In addition, the Tigers' fifth-year starter hasn't exactly received a lot of help when he's been on the mound this season.
In six of Porcello's seven losses, the Tigers have failed to score more than three runs. Porcello has been solid as Detroit's No. 5 starter despite trade rumors all season and criticism that he's disposable and shouldn't be in the rotation.
With the recent moves made to bolster the bullpen, the Tigers relievers have actually been one of the team's bright spots lately.
After spending most of the season as a complete joke, Detroit's pen has been among the league leaders the second half of the season.
The Tigers' relievers have a respectable collective ERA of 3.89, and a batting average against of .245.
Because the Tigers starters have been so good this season, Detroit's bullpen hasn't been asked to do a whole lot. They have the least amount of innings pitched with 365.1 and are in the top five of given up earned runs.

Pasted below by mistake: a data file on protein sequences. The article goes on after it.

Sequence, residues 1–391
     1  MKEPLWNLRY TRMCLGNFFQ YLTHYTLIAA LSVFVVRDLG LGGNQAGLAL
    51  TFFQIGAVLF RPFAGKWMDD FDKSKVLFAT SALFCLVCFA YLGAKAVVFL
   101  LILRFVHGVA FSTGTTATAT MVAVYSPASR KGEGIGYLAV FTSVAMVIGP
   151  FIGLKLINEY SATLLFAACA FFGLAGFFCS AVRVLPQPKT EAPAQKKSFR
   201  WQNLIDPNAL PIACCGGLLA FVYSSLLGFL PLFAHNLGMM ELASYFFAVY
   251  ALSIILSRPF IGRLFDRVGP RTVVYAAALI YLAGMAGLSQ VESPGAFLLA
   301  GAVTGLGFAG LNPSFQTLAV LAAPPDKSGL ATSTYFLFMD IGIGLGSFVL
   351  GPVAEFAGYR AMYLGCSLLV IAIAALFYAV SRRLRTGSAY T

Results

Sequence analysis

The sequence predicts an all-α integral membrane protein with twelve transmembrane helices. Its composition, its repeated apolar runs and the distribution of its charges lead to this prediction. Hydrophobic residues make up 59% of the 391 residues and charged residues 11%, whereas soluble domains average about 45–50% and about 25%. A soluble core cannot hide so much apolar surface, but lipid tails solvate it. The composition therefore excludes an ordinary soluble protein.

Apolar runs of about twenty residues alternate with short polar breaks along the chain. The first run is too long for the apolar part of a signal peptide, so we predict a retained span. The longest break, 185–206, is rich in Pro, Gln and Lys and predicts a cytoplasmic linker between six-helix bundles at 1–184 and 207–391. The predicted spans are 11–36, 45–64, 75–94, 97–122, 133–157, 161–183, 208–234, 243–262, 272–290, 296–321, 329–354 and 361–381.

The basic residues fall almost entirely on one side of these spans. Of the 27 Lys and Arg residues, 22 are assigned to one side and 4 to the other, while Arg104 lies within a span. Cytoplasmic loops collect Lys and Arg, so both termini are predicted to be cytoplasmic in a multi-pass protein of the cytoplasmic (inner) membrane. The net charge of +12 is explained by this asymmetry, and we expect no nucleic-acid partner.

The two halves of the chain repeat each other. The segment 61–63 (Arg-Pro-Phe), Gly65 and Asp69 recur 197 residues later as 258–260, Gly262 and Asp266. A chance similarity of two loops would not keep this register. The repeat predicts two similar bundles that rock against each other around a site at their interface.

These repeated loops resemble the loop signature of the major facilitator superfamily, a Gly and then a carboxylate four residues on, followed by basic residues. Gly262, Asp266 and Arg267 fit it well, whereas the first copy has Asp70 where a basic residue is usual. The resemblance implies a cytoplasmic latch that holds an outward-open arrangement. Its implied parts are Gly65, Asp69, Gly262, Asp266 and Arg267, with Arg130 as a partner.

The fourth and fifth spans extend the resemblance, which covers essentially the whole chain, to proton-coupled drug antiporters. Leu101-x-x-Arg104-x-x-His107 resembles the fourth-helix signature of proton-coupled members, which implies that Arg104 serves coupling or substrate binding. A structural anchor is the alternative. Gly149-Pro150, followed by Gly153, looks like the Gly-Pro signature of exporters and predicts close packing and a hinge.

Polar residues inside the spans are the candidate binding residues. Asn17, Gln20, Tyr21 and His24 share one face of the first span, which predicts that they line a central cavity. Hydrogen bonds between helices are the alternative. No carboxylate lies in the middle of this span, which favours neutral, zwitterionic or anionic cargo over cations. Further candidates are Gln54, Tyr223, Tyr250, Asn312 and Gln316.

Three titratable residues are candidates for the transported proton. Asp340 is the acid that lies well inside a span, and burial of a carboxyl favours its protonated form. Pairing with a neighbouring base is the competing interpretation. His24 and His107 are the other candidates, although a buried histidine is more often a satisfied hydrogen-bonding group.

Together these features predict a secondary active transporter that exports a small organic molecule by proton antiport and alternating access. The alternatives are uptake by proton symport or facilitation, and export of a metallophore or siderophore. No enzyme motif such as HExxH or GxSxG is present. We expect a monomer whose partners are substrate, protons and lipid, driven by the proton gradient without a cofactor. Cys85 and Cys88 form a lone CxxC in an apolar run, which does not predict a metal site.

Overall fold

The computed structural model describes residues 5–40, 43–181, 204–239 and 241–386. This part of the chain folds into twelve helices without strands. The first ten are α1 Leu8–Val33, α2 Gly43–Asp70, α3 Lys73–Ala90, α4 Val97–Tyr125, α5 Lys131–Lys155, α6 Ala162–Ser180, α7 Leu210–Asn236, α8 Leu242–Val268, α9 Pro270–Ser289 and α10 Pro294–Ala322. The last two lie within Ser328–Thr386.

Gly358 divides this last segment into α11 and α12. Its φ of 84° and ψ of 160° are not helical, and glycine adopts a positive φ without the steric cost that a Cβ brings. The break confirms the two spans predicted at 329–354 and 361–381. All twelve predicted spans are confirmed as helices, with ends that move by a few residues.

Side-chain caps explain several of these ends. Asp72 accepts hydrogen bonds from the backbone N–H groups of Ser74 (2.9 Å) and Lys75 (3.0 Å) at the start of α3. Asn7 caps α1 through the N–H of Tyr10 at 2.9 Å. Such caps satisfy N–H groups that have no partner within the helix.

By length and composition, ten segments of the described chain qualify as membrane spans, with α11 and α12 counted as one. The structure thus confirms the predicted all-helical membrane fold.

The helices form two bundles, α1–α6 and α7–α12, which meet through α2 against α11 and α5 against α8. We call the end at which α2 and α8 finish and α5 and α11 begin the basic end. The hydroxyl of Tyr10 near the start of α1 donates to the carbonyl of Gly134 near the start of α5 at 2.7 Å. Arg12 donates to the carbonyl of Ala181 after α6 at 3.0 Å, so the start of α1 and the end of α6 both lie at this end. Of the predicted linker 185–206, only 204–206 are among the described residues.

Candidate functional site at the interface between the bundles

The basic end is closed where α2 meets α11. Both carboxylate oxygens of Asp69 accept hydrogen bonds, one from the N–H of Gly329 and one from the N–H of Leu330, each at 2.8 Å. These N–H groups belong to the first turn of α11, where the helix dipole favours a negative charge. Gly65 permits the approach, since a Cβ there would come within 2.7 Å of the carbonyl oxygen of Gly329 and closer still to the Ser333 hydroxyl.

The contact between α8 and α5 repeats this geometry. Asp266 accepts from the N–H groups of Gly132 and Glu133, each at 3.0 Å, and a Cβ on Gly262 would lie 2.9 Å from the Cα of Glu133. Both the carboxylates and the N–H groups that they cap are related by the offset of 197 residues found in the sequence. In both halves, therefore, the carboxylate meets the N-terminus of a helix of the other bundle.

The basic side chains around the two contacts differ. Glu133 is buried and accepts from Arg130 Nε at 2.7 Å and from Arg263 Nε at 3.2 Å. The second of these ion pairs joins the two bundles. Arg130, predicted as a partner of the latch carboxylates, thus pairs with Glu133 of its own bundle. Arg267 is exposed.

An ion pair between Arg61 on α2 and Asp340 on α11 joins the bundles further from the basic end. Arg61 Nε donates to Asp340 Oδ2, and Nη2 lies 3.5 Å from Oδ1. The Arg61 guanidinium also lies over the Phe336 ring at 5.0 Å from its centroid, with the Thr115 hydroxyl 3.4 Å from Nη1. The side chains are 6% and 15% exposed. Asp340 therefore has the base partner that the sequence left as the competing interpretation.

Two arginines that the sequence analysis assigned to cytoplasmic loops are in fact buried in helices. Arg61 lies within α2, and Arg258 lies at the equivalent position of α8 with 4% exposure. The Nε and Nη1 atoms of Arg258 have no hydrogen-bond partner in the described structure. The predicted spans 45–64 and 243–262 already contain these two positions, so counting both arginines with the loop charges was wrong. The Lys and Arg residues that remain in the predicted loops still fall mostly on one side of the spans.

Detroit has figured out its closer situation, giving the ball to Joaquin Benoit in the ninth inning, and Benoit hasn't disappointed.
He is 3-0 with a sparkling 1.54 ERA and is a perfect 17-for-17 in save situations.
The Tigers acquired Jose Veras from the Houston Astros at the trade deadline, and Veras has proven to be a very dependable setup man since coming to Detroit, earning a 2.19 ERA in 13 appearances.
The Tigers have depended on long relief from Drew Smyly, who boasts a 5-0 record with a 2.25 ERA, and have even gotten a contribution from long-time Tiger, Jeremy Bonderman, who has a 2.51 ERA in nine appearances since re-joining the team in July.
Everything is coming together for the Tigers on the mound, and it'll be their pitching that has everyone talking when Detroit makes back-to-back trips to the World Series.